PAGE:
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Sir Isaiah Berlin, giant in 20th-century thought

Published Oct. 2, 2005

Sir Isaiah Berlin, philosopher, historian of ideas and one of the most important figures in 20th-century thought, has died at age 88.

He was renowned for his lucid and absorbing lectures at universities around the world and was associated with Oxford University for more than 60 years as lecturer, professor and college president.

He died Wednesday night, Oxford University said Thursday.

No further details on his death were released.

A Latvian-born liberal and a committed anti-Communist, Sir Isaiah examined the development of liberal and totalitarian ideas and wrote on Renaissance and Enlightenment thinkers, on opera and on Russian literature. He wrote an admired book on Karl Marx in 1939, but most of his work was devoted to essays _ most notably The Hedgehog and the Fox and Mr. Churchill in 1940.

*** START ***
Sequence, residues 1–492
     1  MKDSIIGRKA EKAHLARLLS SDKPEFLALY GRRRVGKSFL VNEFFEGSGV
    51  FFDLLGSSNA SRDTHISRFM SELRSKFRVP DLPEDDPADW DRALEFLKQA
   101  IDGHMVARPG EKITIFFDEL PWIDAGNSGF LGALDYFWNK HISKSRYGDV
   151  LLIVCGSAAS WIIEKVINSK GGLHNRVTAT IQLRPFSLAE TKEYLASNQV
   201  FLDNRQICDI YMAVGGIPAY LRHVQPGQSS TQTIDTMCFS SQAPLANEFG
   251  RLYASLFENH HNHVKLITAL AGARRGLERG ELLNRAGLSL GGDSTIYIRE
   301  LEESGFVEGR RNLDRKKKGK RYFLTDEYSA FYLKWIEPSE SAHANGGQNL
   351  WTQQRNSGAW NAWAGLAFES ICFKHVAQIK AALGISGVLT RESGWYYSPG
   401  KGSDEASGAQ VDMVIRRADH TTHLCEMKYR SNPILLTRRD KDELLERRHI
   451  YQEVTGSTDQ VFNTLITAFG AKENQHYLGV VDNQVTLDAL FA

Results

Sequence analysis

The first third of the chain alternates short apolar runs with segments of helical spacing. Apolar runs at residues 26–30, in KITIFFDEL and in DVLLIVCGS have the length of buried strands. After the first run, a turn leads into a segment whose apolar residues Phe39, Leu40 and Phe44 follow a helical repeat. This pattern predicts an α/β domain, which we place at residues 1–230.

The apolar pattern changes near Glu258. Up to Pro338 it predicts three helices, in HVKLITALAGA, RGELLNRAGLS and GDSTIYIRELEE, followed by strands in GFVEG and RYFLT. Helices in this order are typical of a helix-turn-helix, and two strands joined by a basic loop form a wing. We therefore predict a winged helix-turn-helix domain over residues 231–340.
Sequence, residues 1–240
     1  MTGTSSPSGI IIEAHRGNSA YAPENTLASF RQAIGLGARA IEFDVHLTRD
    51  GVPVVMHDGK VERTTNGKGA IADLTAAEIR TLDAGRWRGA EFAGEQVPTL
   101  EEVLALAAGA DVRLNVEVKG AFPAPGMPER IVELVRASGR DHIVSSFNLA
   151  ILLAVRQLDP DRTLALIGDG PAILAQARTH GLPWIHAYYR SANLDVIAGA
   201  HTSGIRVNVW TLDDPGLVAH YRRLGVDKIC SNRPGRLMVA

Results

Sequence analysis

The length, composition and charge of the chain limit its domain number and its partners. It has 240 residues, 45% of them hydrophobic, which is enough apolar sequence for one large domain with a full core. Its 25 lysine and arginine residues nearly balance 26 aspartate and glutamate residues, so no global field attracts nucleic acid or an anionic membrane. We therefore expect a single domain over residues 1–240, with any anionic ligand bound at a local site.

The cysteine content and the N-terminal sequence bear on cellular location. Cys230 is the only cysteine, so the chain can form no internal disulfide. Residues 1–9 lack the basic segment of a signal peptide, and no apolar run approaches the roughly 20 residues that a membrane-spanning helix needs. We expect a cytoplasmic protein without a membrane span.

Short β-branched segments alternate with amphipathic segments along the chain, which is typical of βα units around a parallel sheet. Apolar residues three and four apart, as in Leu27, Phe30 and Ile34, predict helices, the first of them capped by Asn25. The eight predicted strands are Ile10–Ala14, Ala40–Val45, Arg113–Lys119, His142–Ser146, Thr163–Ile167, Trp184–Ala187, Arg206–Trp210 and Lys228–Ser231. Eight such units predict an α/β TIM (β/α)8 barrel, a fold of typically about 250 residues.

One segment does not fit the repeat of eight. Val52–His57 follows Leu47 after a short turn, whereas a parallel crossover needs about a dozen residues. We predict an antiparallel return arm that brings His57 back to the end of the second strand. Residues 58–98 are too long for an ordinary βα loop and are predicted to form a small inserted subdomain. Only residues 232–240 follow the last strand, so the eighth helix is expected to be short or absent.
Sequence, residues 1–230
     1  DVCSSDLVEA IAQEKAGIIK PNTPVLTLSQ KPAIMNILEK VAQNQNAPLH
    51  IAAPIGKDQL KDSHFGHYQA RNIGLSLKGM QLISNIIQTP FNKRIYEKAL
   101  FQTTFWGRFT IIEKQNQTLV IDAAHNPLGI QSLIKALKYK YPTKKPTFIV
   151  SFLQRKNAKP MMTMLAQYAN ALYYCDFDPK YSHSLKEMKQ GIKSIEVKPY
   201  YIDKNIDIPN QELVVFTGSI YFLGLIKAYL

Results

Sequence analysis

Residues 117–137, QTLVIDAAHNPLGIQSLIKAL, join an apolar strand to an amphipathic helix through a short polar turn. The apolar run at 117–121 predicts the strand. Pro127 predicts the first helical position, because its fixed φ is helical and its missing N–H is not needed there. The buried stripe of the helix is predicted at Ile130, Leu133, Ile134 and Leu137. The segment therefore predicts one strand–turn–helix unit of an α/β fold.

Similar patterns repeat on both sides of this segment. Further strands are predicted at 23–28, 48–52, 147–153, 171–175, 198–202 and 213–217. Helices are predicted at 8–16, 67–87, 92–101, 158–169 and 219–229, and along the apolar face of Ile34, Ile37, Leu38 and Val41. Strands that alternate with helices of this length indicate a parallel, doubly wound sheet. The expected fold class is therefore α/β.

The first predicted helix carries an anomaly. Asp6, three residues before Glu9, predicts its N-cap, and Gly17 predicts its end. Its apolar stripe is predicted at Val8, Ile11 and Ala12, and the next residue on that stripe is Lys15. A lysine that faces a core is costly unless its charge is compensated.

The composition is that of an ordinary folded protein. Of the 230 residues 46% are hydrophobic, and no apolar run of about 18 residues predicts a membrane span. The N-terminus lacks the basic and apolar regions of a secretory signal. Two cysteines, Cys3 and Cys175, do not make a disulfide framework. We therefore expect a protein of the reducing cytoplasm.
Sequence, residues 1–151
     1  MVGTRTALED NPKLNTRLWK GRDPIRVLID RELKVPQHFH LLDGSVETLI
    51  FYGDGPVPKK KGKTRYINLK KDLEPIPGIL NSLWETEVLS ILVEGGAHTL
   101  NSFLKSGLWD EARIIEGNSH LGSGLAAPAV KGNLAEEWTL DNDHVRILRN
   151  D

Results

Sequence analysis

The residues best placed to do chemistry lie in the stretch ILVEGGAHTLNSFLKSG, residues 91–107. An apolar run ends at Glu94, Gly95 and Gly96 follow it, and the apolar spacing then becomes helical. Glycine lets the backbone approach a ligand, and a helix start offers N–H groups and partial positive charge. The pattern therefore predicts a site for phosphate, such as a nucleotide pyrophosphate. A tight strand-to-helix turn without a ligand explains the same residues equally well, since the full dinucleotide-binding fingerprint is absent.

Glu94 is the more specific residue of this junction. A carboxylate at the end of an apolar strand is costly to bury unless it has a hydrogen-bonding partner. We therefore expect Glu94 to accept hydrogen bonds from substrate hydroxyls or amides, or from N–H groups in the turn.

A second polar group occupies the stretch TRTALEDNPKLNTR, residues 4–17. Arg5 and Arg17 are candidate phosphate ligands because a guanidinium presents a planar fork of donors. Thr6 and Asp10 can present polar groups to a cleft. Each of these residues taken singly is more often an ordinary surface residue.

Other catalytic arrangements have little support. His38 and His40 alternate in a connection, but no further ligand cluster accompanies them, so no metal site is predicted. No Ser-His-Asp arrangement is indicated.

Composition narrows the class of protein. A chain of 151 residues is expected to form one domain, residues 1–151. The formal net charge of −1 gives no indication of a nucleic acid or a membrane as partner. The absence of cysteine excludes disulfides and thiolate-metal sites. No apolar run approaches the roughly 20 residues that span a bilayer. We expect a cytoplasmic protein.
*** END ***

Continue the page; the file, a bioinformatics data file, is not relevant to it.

In the former, he ruminated on a line from the Greek poet Archilochus that says, "The fox knows many things, but the hedgehog knows one big thing."

"Scholars have differed about the correct interpretation of these dark words, which may mean no more than that the fox, for all his cunning, is defeated by the hedgehog's one defense," he wrote. "But, taken figuratively, the words can be made to yield a sense in which they mark one of the deepest differences which divide writers and thinkers, and, it may be, human beings in general."